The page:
In partnership with Clare Valley’s Indigenous-owned lifestyle brand Warndu, Haigh’s Chocolates has released a line of products with the aim to develop consumer appetite for native ingredients.
In February, Haigh’s unveiled two 100g chocolate products carrying the Warndu brand: milk chocolate with finger lime and dark chocolate with Davidson plum.
The products are the result of two years of development, overseen by Haigh’s Technical and Product Manager Ben Kolly, who worked closely with Damien Coulthard and Rebecca Sullivan — the couple who founded Warndu in 2014.
The project will see Haigh’s and Warndu continue to work together to further develop how Australian native foods and botanicals can be used with chocolate.
New flavours will be released in coming years.
Sullivan says being rainforest fruits, the Davidson plums and finger limes were sourced from farms located in the Byron Bay hinterland and were then freeze-dried to be added to chocolate.
“I spent some time in the Haigh’s factory working with Ben on flavours. It’s quite a complex process, because once you put things in chocolate that you think will taste good, often they don’t,” she says.
“These ingredients worked so well together, and the Davidson plum pairs perfectly with the dark chocolate.
“Haigh’s is a heritage brand, which is why we were excited to work with them.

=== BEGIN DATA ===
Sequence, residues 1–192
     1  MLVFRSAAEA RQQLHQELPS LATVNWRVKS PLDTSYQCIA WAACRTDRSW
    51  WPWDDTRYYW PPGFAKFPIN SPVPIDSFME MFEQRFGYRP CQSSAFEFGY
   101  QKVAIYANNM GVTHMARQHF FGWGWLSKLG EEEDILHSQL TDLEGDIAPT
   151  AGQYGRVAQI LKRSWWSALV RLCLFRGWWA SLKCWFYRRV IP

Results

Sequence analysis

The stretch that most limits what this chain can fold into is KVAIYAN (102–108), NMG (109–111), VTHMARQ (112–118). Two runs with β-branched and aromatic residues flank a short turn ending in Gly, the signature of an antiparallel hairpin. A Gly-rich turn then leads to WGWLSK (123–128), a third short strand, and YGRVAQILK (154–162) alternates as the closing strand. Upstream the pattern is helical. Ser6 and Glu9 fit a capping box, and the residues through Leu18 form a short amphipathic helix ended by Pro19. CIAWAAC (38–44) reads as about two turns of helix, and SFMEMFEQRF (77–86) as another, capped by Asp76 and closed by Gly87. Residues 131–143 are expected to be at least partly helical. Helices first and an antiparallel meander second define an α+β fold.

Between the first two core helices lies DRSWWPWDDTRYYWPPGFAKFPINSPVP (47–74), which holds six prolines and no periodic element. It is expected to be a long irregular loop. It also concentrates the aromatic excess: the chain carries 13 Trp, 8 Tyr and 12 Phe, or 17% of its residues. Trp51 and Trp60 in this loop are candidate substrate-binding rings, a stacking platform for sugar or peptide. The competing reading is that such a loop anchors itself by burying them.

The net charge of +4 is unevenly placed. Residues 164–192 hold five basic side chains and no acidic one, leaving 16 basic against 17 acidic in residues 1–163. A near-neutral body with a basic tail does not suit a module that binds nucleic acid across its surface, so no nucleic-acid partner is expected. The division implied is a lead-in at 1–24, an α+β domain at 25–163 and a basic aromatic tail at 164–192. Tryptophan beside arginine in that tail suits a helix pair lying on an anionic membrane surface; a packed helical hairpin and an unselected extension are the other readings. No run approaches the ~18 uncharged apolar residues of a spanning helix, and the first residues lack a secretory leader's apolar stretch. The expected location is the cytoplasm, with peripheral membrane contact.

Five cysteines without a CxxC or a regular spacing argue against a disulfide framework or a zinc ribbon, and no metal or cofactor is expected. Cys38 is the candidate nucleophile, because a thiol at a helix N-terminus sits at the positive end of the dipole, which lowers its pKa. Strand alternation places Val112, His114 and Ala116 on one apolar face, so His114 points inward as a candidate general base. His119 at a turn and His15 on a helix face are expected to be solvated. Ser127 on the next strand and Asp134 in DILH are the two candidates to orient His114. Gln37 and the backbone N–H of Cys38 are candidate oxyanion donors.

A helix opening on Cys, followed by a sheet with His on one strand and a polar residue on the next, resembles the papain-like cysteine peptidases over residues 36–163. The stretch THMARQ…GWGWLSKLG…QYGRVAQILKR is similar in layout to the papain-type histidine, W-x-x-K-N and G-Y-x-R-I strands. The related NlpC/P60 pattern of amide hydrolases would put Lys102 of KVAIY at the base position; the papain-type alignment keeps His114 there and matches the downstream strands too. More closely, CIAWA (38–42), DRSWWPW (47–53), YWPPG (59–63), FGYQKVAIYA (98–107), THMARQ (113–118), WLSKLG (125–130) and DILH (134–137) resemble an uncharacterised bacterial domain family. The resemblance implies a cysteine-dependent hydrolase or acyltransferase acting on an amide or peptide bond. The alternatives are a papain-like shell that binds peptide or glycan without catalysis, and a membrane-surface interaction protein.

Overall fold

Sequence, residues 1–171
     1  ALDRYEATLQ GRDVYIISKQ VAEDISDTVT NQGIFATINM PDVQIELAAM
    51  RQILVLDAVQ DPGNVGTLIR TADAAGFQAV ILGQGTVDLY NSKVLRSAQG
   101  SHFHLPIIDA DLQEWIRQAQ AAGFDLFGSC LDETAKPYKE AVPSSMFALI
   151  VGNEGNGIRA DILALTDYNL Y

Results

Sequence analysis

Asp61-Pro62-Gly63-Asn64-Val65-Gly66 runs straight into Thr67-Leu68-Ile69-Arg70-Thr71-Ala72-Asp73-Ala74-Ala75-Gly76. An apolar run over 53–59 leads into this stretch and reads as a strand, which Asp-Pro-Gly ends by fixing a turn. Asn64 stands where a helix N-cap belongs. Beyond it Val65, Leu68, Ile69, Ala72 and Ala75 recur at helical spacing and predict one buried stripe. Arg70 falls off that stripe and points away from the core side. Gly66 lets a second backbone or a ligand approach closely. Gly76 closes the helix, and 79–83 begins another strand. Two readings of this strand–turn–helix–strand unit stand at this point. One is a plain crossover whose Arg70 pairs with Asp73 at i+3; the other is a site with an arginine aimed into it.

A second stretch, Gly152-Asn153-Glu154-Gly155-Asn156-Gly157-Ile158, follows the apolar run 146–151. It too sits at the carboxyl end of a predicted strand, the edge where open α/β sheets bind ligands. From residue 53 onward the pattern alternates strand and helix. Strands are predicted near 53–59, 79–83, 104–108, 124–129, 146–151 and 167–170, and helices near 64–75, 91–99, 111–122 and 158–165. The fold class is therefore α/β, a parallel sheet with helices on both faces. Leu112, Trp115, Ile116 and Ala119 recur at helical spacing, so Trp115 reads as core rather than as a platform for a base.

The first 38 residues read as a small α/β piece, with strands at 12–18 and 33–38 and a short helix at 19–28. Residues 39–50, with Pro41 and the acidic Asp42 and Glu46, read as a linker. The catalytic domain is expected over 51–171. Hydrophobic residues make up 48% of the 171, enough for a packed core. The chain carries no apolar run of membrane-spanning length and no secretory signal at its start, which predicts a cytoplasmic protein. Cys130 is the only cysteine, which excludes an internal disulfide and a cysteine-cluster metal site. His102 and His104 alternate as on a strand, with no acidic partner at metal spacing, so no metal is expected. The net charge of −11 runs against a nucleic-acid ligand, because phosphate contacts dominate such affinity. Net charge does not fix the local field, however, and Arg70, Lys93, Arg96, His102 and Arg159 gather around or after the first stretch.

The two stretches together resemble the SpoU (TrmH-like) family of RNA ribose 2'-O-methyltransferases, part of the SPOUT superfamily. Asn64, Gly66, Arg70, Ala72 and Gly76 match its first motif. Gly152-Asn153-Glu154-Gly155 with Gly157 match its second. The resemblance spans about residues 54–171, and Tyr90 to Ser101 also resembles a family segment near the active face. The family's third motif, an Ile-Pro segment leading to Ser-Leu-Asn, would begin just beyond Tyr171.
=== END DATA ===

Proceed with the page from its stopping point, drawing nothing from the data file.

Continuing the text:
“They’ve been around for 100 years and they’ve only done a couple of collaborations, so for them to work with us is quite extraordinary.
“Their transparency in sourcing ingredients ethically was really important to us.”
Sullivan says the collaboration is about exposing consumers to native ingredients that have a major role to play in agriculture and climate change.
“We have a focus on environmental sustainability and we truly believe that Australian native foods need to be in every Australian’s pantry, for the sake of our environment, as well as culture and reconciliation,” she says.
A Rural Woman of the Year finalist, Sullivan has a Master’s Degree in climate change and sustainable agriculture and rural development.
She is currently working to set up the Climate Resilience Program at Clare. The program will feature a demonstration garden to show how Indigenous ingredients can be grown locally to help soil health, climate and the environment.
“Hopefully we will create a native food bowl here by getting more farmers to plant native foods — they need to be in our soils from a climate resilience perspective,” she says.
“Our mission is to regenerate culture, community, tradition, health and soil.
“The industry and demand is growing steadily and it is no longer a trend anymore.”
Find the Haigh’s and Warndu collaboration chocolates in-store, or purchase them online.
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